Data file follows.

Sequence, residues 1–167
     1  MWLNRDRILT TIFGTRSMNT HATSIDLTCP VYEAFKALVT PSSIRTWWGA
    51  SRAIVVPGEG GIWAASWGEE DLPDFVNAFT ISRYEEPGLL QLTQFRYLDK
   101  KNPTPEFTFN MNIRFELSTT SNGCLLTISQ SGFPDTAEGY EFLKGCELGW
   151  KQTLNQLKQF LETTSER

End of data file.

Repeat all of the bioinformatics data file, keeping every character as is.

Sequence, residues 1–167
     1  MWLNRDRILT TIFGTRSMNT HATSIDLTCP VYEAFKALVT PSSIRTWWGA
    51  SRAIVVPGEG GIWAASWGEE DLPDFVNAFT ISRYEEPGLL QLTQFRYLDK
   101  KNPTPEFTFN MNIRFELSTT SNGCLLTISQ SGFPDTAEGY EFLKGCELGW
   151  KQTLNQLKQF LETTSER